If the student is struggling with motivation, which can often be seen in high ability students, here are a few areas to address–

  • Autonomy– Choice and time flexibility are sometimes the key for an unmotivated student. Think about utilizing tools like learning menus that allow students to choose their “path” of learning and when they complete activities.
  • Mastery– Some students are reluctant to start if they don’t feel that they will receive a “perfect” score. Think about chunking or working with small successes before moving up to the larger assignment.
  • Purpose– For some students the “why” is essential. Take a look at this clip Michael Jr: Know Your Why.
  • Belonging– It can be difficult to make connections with students that aren’t doing their work but can really pay off in the end. Talk with them about what interests them. Ask their opinion. Ask for their assistance. Compliment them on something other than academics.

Carolyn Chapman has a number of strategies and resources for working with unmotivated students that are also worth taking a look at.

KWL-H– Many of us have used KWL charts in the past. Students begin a lesson by filling the “K” column with words, phrases, opinions, etc. that they already have or know about the given topic. They also fill the “W” with any wonders or want to knows. Ultimately they would then fill the “L” with new knowledge learned during the unit. This tip is to add an “H” column to this organizer indicating how students plan to learn the information or skill that is the focus of the unit. Think about preparing a list of possible activities at the beginning of the year but then allowing students to create their own once routines and expectation have been established. Choices that you could include on a learning menu would be great to list here– online research, books, sketchnotes, organizers, create a video, use a textbook, make a mind map, etc.

Social/Emotional Curriculum– One characteristic of high ability students, and middle school students as a whole, is emotional sensitivity. Think about incorporating some of those “life lessons” that we often learn the hard way into your lesson planning. Check out this feature from Pottermore.comHow Harry Potter and the Sorcerer’s Stone Tackled Bullying (you thought you were going to get a post without mention of HP!). Also think about having students journal or draw about how they feel as bellwork or a wrap-up for the lesson. Maybe have a discussion about the emotions that were prevalent in a story, historical event or time period, artwork, photograph, etc. that is tied to your lesson/content.

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Reflection– Student Feedback, Video, & Blogging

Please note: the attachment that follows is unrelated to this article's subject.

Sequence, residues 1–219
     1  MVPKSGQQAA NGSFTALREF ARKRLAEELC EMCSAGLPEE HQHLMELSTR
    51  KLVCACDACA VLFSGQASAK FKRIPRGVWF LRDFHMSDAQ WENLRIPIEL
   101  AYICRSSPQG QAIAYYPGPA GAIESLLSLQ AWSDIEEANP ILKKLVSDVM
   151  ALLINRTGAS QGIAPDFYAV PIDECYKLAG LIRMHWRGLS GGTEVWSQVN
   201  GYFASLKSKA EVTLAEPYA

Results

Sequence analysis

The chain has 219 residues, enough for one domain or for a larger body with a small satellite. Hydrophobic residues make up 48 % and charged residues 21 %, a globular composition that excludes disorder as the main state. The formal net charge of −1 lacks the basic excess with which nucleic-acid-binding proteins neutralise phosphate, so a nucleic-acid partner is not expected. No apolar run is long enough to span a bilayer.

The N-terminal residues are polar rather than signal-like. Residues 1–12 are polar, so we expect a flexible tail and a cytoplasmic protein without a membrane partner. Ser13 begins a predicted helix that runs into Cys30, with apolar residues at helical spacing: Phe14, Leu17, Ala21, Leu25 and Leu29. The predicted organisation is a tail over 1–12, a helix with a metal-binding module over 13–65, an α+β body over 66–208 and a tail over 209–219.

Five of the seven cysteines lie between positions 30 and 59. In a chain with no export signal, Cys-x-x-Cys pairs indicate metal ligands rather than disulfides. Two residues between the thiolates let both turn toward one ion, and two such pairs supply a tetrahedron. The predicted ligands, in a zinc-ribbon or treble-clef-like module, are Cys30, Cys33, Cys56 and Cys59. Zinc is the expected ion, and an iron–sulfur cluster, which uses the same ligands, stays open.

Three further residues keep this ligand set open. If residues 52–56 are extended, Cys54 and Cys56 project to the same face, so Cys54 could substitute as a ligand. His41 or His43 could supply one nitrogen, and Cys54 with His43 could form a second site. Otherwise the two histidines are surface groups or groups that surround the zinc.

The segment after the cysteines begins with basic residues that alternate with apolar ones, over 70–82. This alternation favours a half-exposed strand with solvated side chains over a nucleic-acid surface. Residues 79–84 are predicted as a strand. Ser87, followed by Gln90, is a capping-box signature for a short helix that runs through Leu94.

The end of the school year is often a time of reflection. We think back on the year and all that it brought with mixed emotions. How did this year go? What will I do again next year? What will I definitely refrain from doing again? Though I know the last thing many teachers want to think about is the start of school in August, when all we need is a break, here are a few ideas on reflection to check out for implementation next year.

Feedback From Students– One way to gather some useful feedback, and have students reflect on their experience in your class, is to have students complete a course evaluation at the end of the 9 weeks, semester, or year. Take a look at a few feedback forms from The Center for Teaching at Vanderbilt College to get you started. I personally like “B” & “C” because they provide a little more focused information. Think about utilizing your teacher evaluation rubric to guide you in creating your own. I will never forget when receiving feedback from my students early in my career how surprised I was to see that they wanted me to be “more strict.” Or that my favorite units/projects were students’ least favorite. Not only do you get the honest truth from your students but occasionally you get a comment or two that makes all of the tough days worth it.

Think About Video– Please don’t start sweating and shaking your head “no” as you read this. One great way to reflect on your teaching and gain useful feedback is to video record part of a class period. I know you may be getting flashbacks to college courses where you had to check out a camcorder and you may still even have your VHS tapes tucked away on a dusty shelf somewhere. But I think this is a worthy idea to consider. Here’s why–

  • Video allows you to get a true picture of what is actually happening in your classroom. It is difficult to see and hear all that is happening in a busy classroom when you are in the thick of it. Why not see what your evaluator sees when he/she walks into the room?
  • You are able to create a worthwhile goal to improve your practice– not something that is just another box to check off before the end of the year. When you watch your classroom on video you are able to see areas of potential improvement that are relevant and meaningful to you and your students.
  • Use your video to create meaningful dialogue between you and your instructional coach. Instead of using your coach as purely a “resource finder” put them to work for you. When you have identified a need he/she can work with you to select strategies and ideas to implement that are specific to that need. He/she can also model, observe, and provide ongoing feedback to help you reach the goal you have created.

Think about it. Remember that your video is for you and no one else. Watching the first few times can be tough– I now know my voice is weird, I nod my head a lot,  and I play with my earrings when I’m nervous (among other faults). Ugh. But, the gain is totally worth the pain.